One of Dorinda’s most memorable stories combines several of her loves: country houses, fashion and parties. “It was the Sixties and I had just bought a rather fashionable tin foil dress from a catalogue. I thought it would be perfect for Lady Mairi Bury’s party at Mount Stewart. It was so tight and I was scared of ripping it so I lay down on our bedroom floor, arms stretched out in front of me, and Henry slid me into it.” She gave a demonstration, laughing. “Unfortunately I stood too near one of the open fires and my dress got hotter and hotter. So that was the first and last time I wore it!” Dorinda always managed to look stylish, whether casual or formal. Her suits were the envy of fellow Trustees of the Board of Historic Buildings Trust. Her ‘off duty’ uniform of polo neck, sports jacket, jeans and boyish shoes was effortlessly chic.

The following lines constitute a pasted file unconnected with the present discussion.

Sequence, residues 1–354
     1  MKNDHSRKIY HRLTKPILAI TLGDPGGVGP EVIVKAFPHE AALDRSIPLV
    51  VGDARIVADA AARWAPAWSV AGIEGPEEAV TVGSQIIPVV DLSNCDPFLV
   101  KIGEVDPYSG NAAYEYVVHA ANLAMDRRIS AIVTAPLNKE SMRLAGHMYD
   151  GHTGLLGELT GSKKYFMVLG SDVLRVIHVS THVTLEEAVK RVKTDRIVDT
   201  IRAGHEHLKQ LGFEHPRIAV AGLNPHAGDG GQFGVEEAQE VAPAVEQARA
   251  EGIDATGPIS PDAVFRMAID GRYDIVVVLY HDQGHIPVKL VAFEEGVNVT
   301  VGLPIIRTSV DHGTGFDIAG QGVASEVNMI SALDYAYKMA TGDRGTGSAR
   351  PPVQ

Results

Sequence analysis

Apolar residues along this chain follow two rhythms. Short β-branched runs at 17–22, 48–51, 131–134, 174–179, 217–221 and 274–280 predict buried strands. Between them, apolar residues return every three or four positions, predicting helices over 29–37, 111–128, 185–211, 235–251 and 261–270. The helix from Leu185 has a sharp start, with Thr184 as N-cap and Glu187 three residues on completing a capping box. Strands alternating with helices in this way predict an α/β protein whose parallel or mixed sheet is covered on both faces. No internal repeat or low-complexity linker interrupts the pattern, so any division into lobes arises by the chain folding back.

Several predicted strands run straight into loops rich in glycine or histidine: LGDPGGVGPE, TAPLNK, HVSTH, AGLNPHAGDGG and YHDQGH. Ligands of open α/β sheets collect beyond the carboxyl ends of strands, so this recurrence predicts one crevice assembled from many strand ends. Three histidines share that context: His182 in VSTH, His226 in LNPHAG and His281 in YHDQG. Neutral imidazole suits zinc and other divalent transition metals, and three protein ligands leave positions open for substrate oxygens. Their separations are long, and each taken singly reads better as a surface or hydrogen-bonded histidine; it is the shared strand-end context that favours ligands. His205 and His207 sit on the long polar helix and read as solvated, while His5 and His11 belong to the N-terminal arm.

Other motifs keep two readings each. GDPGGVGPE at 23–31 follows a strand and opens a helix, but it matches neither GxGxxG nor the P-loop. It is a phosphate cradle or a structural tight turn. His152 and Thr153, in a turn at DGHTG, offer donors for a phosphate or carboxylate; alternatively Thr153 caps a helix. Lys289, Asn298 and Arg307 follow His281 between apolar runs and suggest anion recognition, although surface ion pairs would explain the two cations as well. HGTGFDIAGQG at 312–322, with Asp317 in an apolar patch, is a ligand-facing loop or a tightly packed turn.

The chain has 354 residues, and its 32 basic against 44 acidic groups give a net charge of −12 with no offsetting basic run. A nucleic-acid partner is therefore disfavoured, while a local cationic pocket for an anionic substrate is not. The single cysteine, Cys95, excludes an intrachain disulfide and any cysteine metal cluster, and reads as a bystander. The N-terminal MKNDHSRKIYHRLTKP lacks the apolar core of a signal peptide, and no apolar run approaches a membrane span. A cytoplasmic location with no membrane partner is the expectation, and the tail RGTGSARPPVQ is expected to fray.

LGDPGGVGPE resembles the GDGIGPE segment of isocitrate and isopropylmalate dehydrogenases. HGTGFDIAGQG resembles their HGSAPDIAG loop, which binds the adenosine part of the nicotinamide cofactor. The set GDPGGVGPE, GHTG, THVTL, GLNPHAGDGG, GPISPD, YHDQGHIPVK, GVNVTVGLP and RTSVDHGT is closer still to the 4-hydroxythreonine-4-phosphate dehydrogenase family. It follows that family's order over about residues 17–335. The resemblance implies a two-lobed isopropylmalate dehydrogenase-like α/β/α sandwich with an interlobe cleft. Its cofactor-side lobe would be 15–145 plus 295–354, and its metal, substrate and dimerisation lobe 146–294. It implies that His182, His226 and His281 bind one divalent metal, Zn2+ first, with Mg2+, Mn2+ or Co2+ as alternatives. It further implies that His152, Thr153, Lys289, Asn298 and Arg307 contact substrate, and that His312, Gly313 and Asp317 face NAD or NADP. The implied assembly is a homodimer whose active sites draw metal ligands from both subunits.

When it came to finding her own country house after her tenure at Ballywalter Park ended, things proved challenging. “I searched for two years for a suitable property. There’s a country house for sale in Keady. Nobody lives there! I’d be driving up and down to Belfast non stop!” Eventually Dorinda would build her own house on a site just beyond the walled estate of Ballywalter Park. At first, she wanted to rebuild the double pile gable ended two storey three bay house occupying the site called McKee’s Farm but when the structure proved unstable, a new house was conceived. Despite being known as a modernist, Belfast architect Joe Fitzgerald was selected to design a replacement house of similar massing to McKee’s Farm, adding single storey wings in Palladian style. Like its owner, Killyvolgan House is understated, elegant and charming. She was pleased when the council planners described Killyvolgan as the ideal new house in the countryside. It displays a distinguished handling of proportion and lightness of touch.